Shouldn’t Cops Be Against Police Brutality?

UC Davis Police Lt. John Pike uses a can of pepper spray to move protestors who were blocking officers attempts to remove arrested protestors from the Quad on Friday afternoon. Wayne Tilcock/Enterprise photo

Nobody hates anything more than somebody that does the same job as they do, but sucks doing it. It brings down the whole profession. It makes everybody look bad. And while luckily, in their cases, athletes get to distinguish themselves from, say, bozos just puttering around in their driveways by affixing the word “pro” to the front of their job descriptions, cops are, by nature, “pro” (hear that, George Zimmerman?)

So it amazes me when, instead of being if not more filled with justifiable hatred and contempt for the men and women that disgrace the uniforms that many of them wear so proudly, elegantly and deservedly, cops seem to feel some sort of odd and unusual protective strain towards those of their ranks not only accused, but actually obviously guilty of committing acts of police brutality!

Why in the world is that?

Lord knows, if I were a jazz artist and there was a guy on the drums that simply couldn’t play, I’d want him kicked out of the group because he’d more than certainly be ruining the perception of not only me as a player, but also affecting the way people thought of me because not only would his bad playing overlay my good, but people would question why a good player would even be a part of a group that had such a hack on the drums.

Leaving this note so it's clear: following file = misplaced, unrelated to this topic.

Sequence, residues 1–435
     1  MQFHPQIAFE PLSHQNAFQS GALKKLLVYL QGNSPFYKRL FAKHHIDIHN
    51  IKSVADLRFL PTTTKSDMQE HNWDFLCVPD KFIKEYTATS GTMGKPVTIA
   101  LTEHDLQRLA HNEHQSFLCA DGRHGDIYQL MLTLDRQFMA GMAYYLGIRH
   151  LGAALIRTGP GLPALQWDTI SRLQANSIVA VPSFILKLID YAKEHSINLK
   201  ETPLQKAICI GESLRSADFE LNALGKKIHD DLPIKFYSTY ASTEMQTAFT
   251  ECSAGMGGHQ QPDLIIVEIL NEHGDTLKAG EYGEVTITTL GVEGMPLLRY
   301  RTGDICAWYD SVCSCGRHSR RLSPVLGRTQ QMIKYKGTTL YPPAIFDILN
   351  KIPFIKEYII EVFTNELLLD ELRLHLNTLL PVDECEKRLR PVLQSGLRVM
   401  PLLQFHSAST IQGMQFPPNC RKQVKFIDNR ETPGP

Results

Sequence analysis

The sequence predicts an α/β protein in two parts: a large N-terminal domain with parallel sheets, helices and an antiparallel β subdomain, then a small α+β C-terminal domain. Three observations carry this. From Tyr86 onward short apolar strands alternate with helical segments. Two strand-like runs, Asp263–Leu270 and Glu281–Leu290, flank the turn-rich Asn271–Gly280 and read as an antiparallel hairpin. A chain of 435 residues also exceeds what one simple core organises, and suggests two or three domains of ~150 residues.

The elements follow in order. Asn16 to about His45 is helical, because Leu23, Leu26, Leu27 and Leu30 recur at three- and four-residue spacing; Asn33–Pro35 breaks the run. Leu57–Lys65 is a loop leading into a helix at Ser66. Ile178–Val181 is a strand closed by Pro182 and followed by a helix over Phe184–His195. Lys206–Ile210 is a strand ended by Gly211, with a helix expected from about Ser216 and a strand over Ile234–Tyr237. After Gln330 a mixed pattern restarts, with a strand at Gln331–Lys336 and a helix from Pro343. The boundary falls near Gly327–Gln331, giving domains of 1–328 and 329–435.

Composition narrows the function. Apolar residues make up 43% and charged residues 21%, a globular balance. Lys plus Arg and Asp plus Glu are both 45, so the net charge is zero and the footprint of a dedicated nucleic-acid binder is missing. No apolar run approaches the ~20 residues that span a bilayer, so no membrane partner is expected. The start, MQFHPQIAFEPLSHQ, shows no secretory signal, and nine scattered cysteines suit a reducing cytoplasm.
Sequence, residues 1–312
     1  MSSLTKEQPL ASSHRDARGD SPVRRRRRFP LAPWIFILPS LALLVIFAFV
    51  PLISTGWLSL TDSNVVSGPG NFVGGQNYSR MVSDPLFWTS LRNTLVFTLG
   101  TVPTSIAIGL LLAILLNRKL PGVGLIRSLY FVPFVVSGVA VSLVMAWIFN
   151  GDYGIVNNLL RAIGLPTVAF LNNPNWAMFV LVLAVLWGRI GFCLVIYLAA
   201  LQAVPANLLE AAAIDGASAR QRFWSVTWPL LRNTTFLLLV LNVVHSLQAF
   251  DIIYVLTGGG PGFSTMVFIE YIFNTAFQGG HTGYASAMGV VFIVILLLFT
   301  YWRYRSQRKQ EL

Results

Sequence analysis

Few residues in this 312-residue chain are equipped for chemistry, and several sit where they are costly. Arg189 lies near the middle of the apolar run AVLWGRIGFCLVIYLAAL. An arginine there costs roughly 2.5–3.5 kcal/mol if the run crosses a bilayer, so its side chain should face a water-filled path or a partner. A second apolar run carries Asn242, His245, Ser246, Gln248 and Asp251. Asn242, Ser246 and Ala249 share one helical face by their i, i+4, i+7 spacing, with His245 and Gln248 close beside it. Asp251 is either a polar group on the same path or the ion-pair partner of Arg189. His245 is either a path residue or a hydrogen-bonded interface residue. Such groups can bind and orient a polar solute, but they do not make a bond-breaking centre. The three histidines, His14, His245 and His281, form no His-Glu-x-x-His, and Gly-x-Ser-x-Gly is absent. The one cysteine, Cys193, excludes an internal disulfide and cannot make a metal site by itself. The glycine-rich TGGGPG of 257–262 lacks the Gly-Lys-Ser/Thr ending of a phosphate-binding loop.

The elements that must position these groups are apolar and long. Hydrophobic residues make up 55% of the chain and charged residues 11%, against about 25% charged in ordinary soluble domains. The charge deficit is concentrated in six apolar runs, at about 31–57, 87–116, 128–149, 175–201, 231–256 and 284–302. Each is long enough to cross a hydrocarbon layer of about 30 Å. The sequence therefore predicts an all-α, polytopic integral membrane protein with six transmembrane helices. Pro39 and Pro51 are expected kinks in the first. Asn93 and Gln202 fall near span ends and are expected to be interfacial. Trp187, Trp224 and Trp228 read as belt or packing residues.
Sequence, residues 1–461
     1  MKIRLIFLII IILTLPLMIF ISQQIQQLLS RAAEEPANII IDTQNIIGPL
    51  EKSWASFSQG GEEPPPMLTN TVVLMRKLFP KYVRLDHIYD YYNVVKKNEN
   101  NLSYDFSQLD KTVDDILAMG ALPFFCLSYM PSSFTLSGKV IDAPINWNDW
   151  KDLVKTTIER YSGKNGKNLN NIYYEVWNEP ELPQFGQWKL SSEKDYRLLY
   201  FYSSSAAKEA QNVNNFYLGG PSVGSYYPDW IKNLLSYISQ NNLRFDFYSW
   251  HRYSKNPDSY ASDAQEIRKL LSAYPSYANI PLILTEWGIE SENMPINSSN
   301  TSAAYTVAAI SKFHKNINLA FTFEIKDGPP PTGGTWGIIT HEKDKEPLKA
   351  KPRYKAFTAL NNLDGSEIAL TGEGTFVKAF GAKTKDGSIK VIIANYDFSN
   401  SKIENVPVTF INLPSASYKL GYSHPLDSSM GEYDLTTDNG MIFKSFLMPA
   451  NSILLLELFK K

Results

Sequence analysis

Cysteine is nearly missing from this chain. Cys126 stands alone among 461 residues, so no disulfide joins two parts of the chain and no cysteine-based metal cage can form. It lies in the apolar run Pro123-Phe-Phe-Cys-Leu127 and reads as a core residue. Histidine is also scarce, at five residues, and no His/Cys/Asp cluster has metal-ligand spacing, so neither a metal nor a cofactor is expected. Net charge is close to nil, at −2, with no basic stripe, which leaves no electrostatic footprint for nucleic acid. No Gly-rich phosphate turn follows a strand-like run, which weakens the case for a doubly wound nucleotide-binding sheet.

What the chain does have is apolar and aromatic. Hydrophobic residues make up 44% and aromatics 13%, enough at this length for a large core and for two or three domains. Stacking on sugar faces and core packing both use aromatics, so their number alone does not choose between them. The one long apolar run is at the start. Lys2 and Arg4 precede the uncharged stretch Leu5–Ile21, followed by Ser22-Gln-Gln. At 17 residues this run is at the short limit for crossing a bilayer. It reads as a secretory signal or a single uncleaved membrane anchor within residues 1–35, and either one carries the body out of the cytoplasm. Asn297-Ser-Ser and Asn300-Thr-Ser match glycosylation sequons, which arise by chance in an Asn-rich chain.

Similarly, if a cop were violent, negligent and deranged to the point that he or she was a borderline negative reflection on police everywhere, wouldn’t you expect that “good” cops, the ones that took their jobs seriously and liked to be admired and respected as professionals, should dismiss the offending officer as an isolated freak more readily than the general public is forced to do time and time again?

Shouldn’t those good cops be the most eager to say “That is not what we do!” every time a deed is discussed, witnessed or videotaped in which an officer of the law has been caught behaving in a manner that not only could be described as “unprofessional”, but keeping it real, could be called, and not just hysterically, outright criminal?

Full disclosure: the title of this blog post isn’t even mine. It’s a joke that a friend emailed in response to my joke that director Quentin Tarantino – who’d been threatened with a boycott of his films by NYPD Comissioner Bill Bratton because Tarantino had been in town protesting police brutality – should have actually been protesting in favor of police brutality.

And allow me to be “Black” for just a second – although I won’t stay long, I promise – one of the most frustrating and simultaneously amazing things that happens in criminal situations is when Black folks are criticized for not snitching.

A writer with a modicum of ability already got to the bottom of the Black people, “Stop Snitching” ethos, but let’s conclude once and for all that snitching is a bad thing. One of the worst things you can be labeled is a snitch. It’s fatal to the Mafia, a wretched indictment against a child, and pretty much something that no one would want to be. Even cops have a “Blue Wall of Silence” to hide behind.

Yet my people are supposed to be so bereft of character that we should eagerly forfeit information against one another?


Why don’t the cops lead by example on that one. I mean, after all, they’re getting paid to do it.

About the Author

Dickie Bhee is a self-styled lunatic, a Renaissance showman, a Class A, Grade A buffoon, a nigga that believes in the greatness of Niggerhood a social gadfly and a genuine Man About Town. Also:

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